Leicester Royal Infirmary' St Luke's chapel faces demolition

A Victorian hospital chapel threatened with demolition could be dismantled and rebuilt, according to a campaigner.

St Luke's is due to make way for an expansion of A&E at the Leicester Royal Infirmary (LRI).

City councillor and heritage champion Adam Clarke said not enough thought had gone into the plans and saving the chapel.

But NHS officials said the urgent need for more treatment space, and limited funding, meant demolition must happen.

In June NHS England figures showed the LRI's emergency department was one of the worst performing in England.

Image copyright Google
Image caption Figures released in June showed 83% of A&E patients were seen within four hours against a target of 95%

St Luke's was built in 1887, designed by local architect William Beaumont Smith, and contains various memorials to the work of doctors and nursing staff.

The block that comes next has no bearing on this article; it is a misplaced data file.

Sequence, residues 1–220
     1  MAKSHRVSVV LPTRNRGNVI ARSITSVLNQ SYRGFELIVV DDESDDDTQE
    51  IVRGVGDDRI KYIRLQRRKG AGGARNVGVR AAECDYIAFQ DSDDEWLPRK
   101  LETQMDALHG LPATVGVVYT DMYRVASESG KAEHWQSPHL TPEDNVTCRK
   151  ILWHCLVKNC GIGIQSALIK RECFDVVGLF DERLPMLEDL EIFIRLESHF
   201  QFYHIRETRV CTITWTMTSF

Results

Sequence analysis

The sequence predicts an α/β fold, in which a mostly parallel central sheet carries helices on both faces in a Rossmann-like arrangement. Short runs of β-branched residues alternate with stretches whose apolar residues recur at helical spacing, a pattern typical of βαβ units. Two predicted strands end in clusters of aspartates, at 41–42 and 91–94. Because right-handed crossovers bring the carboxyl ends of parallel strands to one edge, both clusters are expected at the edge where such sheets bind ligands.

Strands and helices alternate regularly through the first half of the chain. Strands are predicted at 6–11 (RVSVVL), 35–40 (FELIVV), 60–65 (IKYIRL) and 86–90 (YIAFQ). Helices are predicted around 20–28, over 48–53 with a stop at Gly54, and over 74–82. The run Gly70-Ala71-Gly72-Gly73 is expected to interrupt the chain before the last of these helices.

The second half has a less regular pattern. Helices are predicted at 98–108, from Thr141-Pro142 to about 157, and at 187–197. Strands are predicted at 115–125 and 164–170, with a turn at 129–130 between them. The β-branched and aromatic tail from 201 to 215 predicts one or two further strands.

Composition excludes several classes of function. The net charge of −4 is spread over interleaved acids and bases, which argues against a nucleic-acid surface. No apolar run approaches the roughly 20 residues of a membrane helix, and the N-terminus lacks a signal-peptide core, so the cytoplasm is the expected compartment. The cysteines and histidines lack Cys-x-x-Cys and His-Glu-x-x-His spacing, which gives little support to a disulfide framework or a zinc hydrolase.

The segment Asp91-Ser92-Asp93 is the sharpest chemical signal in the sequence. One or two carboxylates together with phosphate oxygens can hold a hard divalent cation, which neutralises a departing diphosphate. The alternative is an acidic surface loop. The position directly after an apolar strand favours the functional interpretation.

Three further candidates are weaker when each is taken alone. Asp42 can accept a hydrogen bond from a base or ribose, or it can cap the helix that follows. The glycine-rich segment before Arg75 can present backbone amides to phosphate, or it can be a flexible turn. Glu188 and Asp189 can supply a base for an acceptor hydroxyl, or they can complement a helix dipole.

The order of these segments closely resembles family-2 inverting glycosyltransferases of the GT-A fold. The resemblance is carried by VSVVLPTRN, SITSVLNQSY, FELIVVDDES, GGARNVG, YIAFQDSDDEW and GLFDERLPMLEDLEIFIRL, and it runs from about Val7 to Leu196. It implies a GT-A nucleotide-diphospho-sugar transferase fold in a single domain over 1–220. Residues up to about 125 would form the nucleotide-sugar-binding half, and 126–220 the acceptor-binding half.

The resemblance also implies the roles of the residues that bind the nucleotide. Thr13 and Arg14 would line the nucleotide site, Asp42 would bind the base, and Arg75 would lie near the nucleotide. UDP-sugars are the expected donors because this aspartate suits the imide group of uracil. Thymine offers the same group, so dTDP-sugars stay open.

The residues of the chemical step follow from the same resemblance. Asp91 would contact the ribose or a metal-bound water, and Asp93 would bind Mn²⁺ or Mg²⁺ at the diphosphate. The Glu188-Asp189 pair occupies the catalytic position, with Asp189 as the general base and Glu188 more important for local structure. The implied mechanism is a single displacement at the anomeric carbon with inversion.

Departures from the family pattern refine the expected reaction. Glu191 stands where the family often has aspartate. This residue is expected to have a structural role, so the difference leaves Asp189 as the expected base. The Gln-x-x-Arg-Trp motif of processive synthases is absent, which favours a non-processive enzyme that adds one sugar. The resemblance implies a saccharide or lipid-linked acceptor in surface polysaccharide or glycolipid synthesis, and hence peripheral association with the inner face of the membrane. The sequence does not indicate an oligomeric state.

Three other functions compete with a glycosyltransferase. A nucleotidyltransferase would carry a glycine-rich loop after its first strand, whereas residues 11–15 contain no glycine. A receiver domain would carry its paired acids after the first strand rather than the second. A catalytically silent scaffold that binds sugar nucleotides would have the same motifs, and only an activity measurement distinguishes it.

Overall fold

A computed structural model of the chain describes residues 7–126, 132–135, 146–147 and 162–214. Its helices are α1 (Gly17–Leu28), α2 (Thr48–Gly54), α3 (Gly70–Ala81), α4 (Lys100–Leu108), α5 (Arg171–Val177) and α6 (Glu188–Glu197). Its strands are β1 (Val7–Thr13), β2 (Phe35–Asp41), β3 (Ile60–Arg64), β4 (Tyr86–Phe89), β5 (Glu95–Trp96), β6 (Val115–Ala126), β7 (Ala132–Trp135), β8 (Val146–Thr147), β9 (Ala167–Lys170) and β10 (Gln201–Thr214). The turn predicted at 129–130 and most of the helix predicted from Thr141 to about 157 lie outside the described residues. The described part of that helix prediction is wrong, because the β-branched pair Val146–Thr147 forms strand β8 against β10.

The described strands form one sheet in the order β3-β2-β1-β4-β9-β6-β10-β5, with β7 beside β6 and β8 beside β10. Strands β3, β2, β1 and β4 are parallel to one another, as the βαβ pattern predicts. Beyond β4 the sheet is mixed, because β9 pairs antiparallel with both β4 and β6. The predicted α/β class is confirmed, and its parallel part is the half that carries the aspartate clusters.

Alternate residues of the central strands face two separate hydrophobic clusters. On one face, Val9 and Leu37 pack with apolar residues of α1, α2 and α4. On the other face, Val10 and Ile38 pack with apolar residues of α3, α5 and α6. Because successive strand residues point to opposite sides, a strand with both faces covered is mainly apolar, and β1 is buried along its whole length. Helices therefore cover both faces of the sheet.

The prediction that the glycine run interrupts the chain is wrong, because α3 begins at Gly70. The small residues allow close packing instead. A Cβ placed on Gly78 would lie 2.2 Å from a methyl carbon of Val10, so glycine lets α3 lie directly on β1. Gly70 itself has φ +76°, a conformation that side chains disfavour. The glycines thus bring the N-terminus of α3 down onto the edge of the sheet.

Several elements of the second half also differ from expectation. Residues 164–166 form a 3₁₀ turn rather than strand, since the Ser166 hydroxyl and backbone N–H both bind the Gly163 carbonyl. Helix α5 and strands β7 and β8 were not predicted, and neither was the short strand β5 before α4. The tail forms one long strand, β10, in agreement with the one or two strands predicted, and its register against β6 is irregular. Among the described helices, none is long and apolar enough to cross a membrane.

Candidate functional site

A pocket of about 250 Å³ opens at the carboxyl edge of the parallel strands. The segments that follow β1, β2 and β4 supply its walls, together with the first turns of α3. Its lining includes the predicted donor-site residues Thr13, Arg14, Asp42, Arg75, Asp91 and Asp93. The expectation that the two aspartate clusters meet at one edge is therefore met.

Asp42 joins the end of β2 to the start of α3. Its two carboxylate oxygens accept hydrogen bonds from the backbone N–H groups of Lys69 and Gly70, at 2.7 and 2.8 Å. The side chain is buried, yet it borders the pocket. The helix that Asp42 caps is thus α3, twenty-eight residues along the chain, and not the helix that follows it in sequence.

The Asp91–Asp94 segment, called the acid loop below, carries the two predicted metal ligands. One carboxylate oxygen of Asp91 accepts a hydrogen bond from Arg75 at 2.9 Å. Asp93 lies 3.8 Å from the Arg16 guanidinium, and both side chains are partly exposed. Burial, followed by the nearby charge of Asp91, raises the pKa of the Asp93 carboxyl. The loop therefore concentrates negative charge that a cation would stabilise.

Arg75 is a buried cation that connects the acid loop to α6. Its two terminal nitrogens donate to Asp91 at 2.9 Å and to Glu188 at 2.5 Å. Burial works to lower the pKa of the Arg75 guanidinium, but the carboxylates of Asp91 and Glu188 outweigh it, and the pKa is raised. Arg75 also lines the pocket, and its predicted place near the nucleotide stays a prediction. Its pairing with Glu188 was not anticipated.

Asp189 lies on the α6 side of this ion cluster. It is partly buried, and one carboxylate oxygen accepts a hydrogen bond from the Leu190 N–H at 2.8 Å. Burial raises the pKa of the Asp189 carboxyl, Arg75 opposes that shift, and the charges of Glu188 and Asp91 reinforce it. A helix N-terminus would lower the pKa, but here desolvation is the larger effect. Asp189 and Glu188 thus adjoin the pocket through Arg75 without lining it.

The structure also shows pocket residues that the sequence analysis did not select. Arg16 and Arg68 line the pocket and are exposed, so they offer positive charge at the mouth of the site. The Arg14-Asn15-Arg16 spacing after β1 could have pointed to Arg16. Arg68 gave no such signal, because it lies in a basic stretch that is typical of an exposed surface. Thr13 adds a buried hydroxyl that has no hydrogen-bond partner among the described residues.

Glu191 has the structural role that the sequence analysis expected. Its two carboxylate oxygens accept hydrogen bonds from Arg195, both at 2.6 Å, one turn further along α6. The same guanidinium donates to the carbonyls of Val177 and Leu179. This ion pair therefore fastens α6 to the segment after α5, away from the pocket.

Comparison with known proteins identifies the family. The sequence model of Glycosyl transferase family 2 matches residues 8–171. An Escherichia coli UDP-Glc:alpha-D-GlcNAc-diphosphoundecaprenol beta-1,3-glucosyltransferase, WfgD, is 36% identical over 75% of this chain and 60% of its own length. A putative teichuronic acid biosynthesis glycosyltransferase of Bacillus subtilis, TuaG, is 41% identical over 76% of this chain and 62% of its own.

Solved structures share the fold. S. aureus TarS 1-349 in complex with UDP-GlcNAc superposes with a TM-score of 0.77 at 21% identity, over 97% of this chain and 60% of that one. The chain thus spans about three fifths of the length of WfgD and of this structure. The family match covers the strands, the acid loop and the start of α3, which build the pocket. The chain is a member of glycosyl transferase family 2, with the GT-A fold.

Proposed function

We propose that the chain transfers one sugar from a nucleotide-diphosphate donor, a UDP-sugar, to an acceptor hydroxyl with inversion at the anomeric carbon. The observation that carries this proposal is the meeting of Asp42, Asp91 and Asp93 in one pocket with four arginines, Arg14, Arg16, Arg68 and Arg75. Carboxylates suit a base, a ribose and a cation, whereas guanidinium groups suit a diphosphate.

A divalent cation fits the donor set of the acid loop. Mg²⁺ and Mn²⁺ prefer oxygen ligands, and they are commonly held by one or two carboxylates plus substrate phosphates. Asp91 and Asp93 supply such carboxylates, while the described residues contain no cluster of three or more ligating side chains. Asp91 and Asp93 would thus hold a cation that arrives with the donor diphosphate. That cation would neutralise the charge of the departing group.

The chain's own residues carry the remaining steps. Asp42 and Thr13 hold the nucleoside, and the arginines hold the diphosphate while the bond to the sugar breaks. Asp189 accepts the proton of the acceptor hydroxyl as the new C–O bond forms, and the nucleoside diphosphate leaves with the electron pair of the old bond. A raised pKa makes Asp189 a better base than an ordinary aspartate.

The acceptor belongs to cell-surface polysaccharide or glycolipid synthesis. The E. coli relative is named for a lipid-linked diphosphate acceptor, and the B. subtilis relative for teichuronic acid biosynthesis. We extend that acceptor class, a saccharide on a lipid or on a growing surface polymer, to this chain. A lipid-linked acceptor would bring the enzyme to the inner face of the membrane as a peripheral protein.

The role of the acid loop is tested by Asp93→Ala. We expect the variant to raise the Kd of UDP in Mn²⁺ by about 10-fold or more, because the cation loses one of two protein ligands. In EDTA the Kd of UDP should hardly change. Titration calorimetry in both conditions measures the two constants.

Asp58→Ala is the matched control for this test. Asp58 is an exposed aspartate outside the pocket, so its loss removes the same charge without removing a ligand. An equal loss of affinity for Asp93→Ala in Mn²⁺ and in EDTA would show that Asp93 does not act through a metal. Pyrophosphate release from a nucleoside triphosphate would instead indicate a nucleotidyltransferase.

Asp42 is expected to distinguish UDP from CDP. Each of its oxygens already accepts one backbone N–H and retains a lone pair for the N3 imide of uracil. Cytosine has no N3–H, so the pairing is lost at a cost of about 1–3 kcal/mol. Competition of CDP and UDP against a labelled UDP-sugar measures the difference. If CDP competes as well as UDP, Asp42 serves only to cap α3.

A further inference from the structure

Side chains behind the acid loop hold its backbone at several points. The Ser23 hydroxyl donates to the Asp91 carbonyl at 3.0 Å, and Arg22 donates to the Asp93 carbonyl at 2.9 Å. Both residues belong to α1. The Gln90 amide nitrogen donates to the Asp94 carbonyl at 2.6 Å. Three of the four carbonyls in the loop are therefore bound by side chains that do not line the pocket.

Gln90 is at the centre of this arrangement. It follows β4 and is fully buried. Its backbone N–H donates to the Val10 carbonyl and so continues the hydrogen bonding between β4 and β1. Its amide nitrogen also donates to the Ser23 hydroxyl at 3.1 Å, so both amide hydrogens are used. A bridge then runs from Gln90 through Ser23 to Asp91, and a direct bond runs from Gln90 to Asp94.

Mr Clarke, who recently stood down from the planning committee over conservation issues, believed removing the chapel was premature as final plans for the new unit were not in place.

He said: "The chapel and the new A&E are not mutually exclusive. We can save the chapel and that can be integrated into the new A&E given a little bit more thought, a little bit more time and yes, a little bit more money.

"That might mean taking it down and re-erecting it later but let's not forget there is not a penny in place for this new A&E at the moment ,yet the NHS and developers intend to start demolishing the chapel tomorrow."

Dr Mark Ardron, a consultant in Acute Medicine, said: "Our current emergency department is overflowing and any delay means more people waiting in accommodation which is not suitable.

"The plans are well advanced. It takes a long time to get the ducks in a row but we are very close to that and any delay in building or increase in cost will affect patients."

The plans are due to be discussed by the city council's planning committee later.

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